Although Intel (INTC) has been touting its notebook circuit board for a while, the first major notebook PC manufacturer to endorse the technology surfaced this week when IBM (IBM) acknowledged that it plans to use the Intel technology in its next-generation P55C-Pentium-processor based notebooks.
The two companies are already working together to develop a processor circuit board for the next-generation notebooks based on P55C mobile Pentium processors. The circuit board is due in the first quarter of 1997 and is expected to include the MMX-capable 166-MHz P55C Mobile Pentium processor and part of the chipset. In short, the core electronics for a notebook PC.
"We're working on this jointly with Intel," said Steve Ward, general manager for IBM's mobile computing division, which builds the ThinkPad line of notebooks.
Although this board is not necessary to build a P55C processor-based notebook, moving to a new generation of mobile processor is a painstaking process because the main circuit board in most cases has to be completely redesigned. With this circuit board, vendors will be able to move to new-generation processors by plugging in a new module.
Whether this technology is strictly an IBM-Intel joint development project or whether they will share the results is not clear because both companies declined comment on whether they will license the design to other vendors. Intel did say, however, that it is working with three of the top five notebook vendors on comparable circuit board technology.
The circuit board developments should accelerate the pace at which IBM and other notebook manufacturers move to new Intel mobile processor technology in 1997 and 1998, analysts say.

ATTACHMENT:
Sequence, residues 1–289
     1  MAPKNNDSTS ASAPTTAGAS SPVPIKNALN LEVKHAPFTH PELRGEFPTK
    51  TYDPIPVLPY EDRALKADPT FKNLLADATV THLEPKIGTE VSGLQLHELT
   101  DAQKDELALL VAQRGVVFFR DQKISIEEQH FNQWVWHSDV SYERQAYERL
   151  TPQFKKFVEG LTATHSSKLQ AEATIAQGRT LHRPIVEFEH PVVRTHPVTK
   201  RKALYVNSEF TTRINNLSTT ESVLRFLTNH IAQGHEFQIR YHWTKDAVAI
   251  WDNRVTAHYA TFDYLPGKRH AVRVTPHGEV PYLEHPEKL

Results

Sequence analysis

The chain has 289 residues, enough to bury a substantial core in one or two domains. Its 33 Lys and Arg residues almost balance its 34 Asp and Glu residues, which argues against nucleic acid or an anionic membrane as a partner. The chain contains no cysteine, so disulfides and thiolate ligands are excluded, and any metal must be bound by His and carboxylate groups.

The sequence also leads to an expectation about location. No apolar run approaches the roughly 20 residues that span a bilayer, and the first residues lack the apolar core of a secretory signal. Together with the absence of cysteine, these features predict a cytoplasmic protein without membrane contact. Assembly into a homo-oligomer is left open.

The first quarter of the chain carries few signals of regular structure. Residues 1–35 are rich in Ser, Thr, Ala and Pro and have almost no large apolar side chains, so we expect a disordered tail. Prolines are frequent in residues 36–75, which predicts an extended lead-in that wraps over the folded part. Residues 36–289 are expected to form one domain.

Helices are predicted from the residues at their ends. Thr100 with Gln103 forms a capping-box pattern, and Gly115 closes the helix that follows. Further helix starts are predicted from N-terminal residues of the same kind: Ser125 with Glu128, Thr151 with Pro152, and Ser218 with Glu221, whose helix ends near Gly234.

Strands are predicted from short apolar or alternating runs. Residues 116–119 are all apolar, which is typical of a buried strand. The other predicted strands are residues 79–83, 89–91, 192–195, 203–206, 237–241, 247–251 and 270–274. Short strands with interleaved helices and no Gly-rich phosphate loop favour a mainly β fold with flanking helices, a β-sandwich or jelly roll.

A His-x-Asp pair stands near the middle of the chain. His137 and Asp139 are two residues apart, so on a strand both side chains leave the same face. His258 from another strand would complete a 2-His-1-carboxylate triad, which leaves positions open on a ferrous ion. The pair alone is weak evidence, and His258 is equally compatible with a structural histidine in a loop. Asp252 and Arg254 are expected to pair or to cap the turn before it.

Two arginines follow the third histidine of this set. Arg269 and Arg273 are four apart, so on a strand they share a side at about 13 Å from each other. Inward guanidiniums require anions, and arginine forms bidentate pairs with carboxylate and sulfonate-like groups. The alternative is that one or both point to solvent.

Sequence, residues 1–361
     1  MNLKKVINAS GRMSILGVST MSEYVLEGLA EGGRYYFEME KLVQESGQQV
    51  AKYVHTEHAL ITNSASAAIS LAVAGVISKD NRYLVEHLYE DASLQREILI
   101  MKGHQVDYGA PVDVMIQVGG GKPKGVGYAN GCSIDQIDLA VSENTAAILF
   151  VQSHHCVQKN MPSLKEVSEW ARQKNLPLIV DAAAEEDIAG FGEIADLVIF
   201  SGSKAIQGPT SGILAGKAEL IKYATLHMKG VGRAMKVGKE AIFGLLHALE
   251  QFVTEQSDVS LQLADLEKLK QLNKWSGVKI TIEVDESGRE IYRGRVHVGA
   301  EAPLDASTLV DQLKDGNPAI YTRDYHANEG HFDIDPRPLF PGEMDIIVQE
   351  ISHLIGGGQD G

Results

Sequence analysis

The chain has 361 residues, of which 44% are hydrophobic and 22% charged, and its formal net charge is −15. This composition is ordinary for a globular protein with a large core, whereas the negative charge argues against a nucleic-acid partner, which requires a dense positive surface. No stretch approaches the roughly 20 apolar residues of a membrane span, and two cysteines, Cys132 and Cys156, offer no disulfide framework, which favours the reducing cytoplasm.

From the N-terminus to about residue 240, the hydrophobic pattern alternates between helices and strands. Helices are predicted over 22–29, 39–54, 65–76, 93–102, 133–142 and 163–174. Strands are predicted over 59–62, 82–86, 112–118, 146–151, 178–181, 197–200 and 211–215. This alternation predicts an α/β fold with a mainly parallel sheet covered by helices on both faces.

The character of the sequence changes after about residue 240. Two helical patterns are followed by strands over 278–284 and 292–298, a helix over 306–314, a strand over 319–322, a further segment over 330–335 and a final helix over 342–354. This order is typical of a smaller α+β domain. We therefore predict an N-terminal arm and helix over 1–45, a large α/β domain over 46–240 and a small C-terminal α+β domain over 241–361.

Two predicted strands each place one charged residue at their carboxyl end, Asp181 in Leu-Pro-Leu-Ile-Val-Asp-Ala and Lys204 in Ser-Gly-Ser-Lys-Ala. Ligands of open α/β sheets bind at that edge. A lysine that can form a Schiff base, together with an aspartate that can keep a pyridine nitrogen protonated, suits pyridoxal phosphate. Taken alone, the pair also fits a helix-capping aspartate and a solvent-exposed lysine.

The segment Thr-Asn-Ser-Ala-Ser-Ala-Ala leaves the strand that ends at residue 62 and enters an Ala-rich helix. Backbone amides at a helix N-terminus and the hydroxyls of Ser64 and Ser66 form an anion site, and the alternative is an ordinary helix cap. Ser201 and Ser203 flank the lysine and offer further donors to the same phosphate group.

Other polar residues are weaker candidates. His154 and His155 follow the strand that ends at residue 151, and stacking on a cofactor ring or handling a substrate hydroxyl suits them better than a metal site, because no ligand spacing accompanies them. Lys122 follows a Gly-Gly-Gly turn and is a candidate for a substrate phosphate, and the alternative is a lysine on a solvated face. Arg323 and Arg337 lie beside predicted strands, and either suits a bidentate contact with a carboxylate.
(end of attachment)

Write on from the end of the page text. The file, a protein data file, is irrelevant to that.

"This will result in much more rapid introduction and much more diversity" in notebooks, said Dean McCarron, a principal at Scottsdale, Arizona-based Mercury Research. "Vendors can use the same base frame to support a wider variety of products."
MMX is an Intel technology that speeds up multimedia applications, including video, sound, and communications. All new Intel processors will feature MMX in 1997.
But this IBM-Intel board may be capable of handling a second generation of P55C processors coming out late in 1997 running at lower voltages and higher speeds, sources said.
Analysts say that with the notebook circuit board, Intel is at the same point it reached several years ago in building motherboards for the desktop PCs. It took Intel years before it was able to persuade large PC manufacturers to adopt the Intel motherboard technology, but it did eventually succeed.
Maybe because of the desktop precedent, observers said there appears to more of an acceptance of the notebook circuit technology. "There was concern at first that it would make systems larger and more expensive, but it's gone through several iterations and OEMs seem pleased with it," McCarron said.
McCarron also said that the P55C processor for notebook computers will increase performance significantly over plain Pentiums, even without MMX applications. McCarron believes users will see an increase over traditional Pentiums of 10 percent to 15 percent.